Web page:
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Animation gives the illusion of movement by updating and rerendering data over time, such as the position and attitude of an aircraft. Animation is accomplished directly through the SceneManager or indirectly through one of the animation classes that communicate with the scene manager.

Using The Scene Manager

Used together, the scene manager's SetTime and Render methods provide animation functionality. First, call SetTime to set the time, then call Render to draw each Scene at that time. These methods are normally used when integrating Insight3D into a preexisting product that has its own animation system.

When SetTime is called, the scene manager's TimeChanged event is raised. Typically during the event, time-dependent data that is not scene-specific is updated, such as the position of a satellite. Scene data can also be updated if desired.

When Render is called, the scene's Rendering event is raised for each scene. Scene specific data is generally updated during this event, such as the camera position and orientation.

Using the Animation Classes

If there is no preexisting animation system in your application, one of the animation classes may be useful. Each of these classes manage time and drive the scene manager using the methods described above. The scene manager only allows one animation object to be active at a time.

The following animation classes are available:


SimulationAnimation is used to animate at any time. You might simulate GPS constellation at some time in the past or simulate a proposed network of satellites. The below example animates a scene:

SimulationAnimation animation = new SimulationAnimation();

SceneManager.Animation = animation;

animation.StartTime = new GregorianDate(2008, 5, 30, 14, 0, 0).ToJulianDate();
animation.EndTime = new GregorianDate(2008, 5, 31, 14, 0, 0).ToJulianDate();
animation.Time = animation.StartTime;

Animation can also be played backward. The time between each animation frame is controlled using TimeStep. Because simulated time is stepped by the same amount for each frame rendered, the rate of progression of simulated time can change with the complexity of the scene. To progress simulated time at a constant rate independent of the rendering frame rate, use RealTimeSimulationAnimation.

Real-Time Simulation

RealTimeSimulationAnimation progresses simulated time at a constant rate independent of the rate at which frames are rendered. This is in contrast to SimulationAnimation, which progresses simulated time by a specified step per rendered frame. Otherwise, the two classes are very similar. Both allow animation to be played both forward and backward, and allow the current time to be set to any time, past, present, or future.

Often it is desired to speed up animation perhaps for similar reasons one might want to speed up a movie - to get past the boring parts. The rate at which simulated time progresses is specified by the TimeMultiplier property. If the time multiplier is set to 2.0, then when the wall clock moves one second, the simulation time moves two seconds.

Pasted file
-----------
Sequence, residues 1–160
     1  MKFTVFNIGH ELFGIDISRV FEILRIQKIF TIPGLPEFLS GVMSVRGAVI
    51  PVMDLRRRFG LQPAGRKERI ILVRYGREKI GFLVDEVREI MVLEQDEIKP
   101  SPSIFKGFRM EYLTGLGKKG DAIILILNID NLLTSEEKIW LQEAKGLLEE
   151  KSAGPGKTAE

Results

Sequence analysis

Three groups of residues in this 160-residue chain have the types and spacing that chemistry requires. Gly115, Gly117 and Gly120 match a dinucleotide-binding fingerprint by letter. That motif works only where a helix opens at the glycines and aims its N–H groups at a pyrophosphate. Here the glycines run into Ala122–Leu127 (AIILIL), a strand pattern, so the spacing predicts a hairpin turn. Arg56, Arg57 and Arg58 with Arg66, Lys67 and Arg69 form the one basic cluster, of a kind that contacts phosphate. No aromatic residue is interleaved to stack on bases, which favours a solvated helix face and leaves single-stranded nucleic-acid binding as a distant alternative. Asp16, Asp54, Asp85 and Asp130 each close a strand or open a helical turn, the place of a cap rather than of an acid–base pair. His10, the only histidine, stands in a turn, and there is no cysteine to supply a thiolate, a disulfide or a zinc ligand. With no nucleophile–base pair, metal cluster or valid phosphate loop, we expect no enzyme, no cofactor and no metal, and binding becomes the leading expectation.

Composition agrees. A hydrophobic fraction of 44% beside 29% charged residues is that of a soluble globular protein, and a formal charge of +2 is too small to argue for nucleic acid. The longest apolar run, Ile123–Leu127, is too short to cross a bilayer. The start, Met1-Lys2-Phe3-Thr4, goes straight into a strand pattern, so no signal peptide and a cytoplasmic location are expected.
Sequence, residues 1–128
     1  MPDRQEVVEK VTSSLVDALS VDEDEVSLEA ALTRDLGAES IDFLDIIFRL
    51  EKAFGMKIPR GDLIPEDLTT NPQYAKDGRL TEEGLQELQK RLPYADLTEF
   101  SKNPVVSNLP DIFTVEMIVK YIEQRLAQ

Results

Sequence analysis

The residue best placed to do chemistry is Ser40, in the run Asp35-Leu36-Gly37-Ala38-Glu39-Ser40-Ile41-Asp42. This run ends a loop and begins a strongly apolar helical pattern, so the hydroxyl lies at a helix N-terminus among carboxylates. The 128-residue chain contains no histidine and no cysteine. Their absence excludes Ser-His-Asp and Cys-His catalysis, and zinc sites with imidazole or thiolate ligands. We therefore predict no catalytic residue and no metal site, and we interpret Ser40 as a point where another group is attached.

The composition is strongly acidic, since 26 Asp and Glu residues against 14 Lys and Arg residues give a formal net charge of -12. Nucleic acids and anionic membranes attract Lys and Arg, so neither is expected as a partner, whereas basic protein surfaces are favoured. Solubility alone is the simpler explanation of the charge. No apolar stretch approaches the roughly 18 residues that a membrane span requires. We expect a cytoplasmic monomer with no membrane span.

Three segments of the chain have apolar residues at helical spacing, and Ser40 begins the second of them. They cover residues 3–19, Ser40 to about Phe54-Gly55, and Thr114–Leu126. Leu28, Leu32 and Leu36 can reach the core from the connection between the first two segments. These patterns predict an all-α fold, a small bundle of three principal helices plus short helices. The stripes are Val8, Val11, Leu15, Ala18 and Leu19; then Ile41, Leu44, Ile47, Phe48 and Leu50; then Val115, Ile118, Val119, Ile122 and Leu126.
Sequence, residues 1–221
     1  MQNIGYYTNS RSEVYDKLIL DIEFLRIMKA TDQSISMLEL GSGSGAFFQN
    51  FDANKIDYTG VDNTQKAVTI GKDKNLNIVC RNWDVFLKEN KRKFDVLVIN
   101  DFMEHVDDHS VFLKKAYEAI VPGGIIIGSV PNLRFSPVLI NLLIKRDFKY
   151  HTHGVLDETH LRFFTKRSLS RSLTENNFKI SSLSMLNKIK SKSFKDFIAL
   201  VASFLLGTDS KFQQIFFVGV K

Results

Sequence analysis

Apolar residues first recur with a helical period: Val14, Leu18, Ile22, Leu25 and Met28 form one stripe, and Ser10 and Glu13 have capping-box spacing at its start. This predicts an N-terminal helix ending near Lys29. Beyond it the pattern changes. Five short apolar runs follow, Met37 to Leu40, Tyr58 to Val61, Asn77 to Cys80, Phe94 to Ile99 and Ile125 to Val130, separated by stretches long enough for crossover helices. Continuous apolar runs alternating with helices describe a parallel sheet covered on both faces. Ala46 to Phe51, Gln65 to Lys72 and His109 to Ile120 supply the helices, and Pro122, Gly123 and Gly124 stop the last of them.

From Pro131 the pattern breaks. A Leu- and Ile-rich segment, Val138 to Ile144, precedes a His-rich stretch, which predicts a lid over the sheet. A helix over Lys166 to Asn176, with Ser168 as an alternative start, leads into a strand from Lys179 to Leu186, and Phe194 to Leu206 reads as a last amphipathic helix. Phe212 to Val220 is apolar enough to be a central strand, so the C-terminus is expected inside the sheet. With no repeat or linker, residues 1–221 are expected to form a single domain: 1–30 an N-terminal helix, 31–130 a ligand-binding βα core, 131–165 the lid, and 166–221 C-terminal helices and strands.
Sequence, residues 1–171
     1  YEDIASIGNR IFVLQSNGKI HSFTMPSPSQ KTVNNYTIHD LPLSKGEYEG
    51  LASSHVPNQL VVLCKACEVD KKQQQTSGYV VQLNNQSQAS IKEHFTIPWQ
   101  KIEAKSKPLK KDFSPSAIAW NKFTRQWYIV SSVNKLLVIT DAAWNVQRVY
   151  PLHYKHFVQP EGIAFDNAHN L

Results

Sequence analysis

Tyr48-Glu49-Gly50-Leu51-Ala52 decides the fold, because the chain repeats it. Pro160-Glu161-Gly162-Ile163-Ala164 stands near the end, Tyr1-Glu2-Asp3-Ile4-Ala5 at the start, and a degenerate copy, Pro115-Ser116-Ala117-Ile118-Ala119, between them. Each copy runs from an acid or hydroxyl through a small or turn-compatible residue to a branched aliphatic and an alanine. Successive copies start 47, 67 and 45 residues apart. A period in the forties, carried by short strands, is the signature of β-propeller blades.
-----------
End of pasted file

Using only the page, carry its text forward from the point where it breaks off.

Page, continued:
realTimeSimulation.TimeMultiplier = 2.0;


RealTimeAnimation animates in step with wall clock time. Animation can only play forward in accordance with our usual sense of time.

Often objects that use this class run slightly behind real-time, because there can be a delay from when the data was generated to when the data reaches the application. For example, if an aircraft were being tracked in real-time, the telemetry defining the position of the aircraft could take a few seconds get to the application. Therefore, the latest position data that the application has is always a few seconds behind. To ensure that there is data at the current animation frame, the TimeOffset property is used to offset time from the wall clock time. In the aircraft example, the problem was solved by offsetting the time by three seconds.

realTime.TimeOffset = -3.0;
Frame Rate

Frame rate is how many animation frames are rendered per second. Each animation class supports controlling and getting this rate.

It is desirable to control the rate, because if the application animated as quickly as possible, 100 percent of CPU processing time would be devoted to animating and to nothing else. Targeting a specific rate gives up time to other processes. Targeting a specific rate is demonstrated in the following code sample:

SceneManager.Animation.RefreshRate = RefreshRate.TargetedFramesPerSecond;
SceneManager.Animation.TargetedFramesPerSecond = 30.0;

The rate is targeted, meaning Insight3D tries to run at that rate. The application will animate no faster, but may run slower if the video card is overloaded with too much to draw.

Sometimes, one may want to animate as fast as possible, for example to measure the load on a video card due to a new feature that may not otherwise be noticeable if the frame rate were targeted. Animating as fast as possible is demonstrated in the following code sample:

SceneManager.Animation.RefreshRate = RefreshRate.Fastest;

The following code sample demonstrates how to get the current frame rate:

double fps = SceneManager.FrameRate.FramesPerSecond;